Signal-to-noise ratio (CT)

Last revised by Andrew Murphy on 23 Mar 2023

Signal-to-noise ratio (SNR) is a generic term which, in radiology, is a measure of true signal (i.e. reflecting actual anatomy) to noise (e.g. random quantum mottle).

Signal-to-noise ratio in CT roughly follows the same principles as those of plain radiographs. It is calculated by comparing the level of the desired signal to the background deviation from normal pixel values. In general, the larger the number of photons transmitted, the greater the SNR.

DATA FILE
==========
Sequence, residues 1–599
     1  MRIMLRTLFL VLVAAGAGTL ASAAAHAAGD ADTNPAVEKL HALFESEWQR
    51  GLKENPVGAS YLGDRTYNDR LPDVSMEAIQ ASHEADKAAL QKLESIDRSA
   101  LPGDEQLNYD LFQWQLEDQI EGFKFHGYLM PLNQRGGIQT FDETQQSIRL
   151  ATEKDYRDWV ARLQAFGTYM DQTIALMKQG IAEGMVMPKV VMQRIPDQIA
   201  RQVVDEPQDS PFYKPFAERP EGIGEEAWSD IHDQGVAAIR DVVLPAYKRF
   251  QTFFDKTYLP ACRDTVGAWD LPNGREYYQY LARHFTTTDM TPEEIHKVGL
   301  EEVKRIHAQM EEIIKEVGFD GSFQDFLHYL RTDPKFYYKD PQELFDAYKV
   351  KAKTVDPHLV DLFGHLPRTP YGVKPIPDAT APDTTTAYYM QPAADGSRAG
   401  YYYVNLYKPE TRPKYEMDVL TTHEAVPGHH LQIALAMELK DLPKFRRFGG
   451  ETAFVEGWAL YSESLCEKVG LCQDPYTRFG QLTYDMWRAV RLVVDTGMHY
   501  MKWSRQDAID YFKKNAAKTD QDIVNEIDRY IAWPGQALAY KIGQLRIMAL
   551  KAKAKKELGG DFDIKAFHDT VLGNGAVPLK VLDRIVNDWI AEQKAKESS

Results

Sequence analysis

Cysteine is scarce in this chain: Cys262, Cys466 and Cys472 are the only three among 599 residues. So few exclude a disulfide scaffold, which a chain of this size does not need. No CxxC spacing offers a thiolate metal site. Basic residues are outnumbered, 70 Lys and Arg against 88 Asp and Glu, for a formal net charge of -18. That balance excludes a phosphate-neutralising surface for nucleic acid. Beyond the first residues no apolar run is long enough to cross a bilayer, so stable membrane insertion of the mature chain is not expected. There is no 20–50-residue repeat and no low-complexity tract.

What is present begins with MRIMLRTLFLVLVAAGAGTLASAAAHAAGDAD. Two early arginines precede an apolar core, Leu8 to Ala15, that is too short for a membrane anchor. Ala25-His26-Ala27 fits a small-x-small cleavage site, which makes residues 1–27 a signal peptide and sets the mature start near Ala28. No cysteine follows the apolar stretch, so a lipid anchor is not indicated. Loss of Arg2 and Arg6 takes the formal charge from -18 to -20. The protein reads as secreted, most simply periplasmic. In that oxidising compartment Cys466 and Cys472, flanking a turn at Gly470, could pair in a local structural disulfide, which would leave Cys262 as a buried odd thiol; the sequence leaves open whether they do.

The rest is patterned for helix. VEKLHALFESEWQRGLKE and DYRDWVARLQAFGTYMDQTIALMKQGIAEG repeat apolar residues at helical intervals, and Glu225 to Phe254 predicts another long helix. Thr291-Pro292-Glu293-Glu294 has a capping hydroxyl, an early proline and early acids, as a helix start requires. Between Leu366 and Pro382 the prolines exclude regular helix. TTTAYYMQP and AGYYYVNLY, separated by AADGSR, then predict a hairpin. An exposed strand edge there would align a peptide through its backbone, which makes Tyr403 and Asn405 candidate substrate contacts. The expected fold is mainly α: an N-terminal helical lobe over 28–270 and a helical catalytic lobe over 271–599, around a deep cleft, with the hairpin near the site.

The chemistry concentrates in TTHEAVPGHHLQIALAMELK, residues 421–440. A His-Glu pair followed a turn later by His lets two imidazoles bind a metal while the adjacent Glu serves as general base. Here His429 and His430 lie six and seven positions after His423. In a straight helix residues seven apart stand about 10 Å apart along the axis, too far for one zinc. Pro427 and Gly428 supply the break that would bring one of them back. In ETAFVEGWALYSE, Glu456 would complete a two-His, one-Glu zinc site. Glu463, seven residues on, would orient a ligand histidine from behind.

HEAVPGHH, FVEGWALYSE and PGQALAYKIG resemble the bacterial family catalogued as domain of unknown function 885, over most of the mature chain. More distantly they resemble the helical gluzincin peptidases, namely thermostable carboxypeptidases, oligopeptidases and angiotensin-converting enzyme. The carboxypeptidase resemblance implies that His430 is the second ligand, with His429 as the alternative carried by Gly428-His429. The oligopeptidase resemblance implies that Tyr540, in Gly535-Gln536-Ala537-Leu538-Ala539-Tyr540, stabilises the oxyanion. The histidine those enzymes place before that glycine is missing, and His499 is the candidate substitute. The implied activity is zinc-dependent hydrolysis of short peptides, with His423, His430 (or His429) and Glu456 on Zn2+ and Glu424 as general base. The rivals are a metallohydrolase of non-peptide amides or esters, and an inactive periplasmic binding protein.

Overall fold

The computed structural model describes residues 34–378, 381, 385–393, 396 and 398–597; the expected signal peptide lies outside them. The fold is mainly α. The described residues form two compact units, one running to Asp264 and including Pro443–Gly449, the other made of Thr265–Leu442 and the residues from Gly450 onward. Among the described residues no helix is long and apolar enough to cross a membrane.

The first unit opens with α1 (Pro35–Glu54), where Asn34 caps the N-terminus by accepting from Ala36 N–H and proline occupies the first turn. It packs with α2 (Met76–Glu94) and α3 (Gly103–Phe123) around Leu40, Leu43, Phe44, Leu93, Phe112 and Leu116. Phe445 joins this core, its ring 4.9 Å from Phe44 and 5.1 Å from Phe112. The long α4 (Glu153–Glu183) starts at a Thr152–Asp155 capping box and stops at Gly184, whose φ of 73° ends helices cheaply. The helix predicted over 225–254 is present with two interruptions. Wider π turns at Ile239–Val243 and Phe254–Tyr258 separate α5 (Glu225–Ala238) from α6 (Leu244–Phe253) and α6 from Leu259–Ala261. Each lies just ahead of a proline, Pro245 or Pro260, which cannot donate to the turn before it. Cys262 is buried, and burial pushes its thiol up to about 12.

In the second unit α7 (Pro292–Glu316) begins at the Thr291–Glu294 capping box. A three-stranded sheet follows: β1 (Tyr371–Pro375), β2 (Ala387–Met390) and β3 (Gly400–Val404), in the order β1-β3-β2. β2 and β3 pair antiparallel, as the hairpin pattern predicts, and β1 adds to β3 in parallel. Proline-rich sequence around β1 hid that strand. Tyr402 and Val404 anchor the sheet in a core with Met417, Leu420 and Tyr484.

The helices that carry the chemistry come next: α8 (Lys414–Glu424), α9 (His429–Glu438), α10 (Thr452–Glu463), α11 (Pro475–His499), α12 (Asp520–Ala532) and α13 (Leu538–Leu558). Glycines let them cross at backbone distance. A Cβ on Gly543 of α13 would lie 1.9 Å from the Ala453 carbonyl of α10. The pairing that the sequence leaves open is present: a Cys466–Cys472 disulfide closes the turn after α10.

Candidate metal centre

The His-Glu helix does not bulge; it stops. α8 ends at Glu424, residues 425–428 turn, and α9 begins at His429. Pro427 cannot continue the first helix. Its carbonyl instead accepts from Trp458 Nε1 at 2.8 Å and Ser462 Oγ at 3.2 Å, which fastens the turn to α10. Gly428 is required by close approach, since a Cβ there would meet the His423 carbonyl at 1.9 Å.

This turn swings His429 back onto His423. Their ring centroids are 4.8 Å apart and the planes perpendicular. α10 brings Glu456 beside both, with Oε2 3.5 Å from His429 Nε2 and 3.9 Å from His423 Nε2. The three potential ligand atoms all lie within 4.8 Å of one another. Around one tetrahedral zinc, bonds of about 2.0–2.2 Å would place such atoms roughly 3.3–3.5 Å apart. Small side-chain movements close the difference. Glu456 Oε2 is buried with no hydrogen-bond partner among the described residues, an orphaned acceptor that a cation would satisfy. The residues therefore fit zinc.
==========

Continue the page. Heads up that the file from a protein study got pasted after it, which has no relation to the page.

In CT the signal-to-noise ratio is determined by:

  • mAs
    • greater mAs increases SNR
  • slice thickness
    • thicker slices increase SNR
  • patient size
    • larger patients reduce SNR

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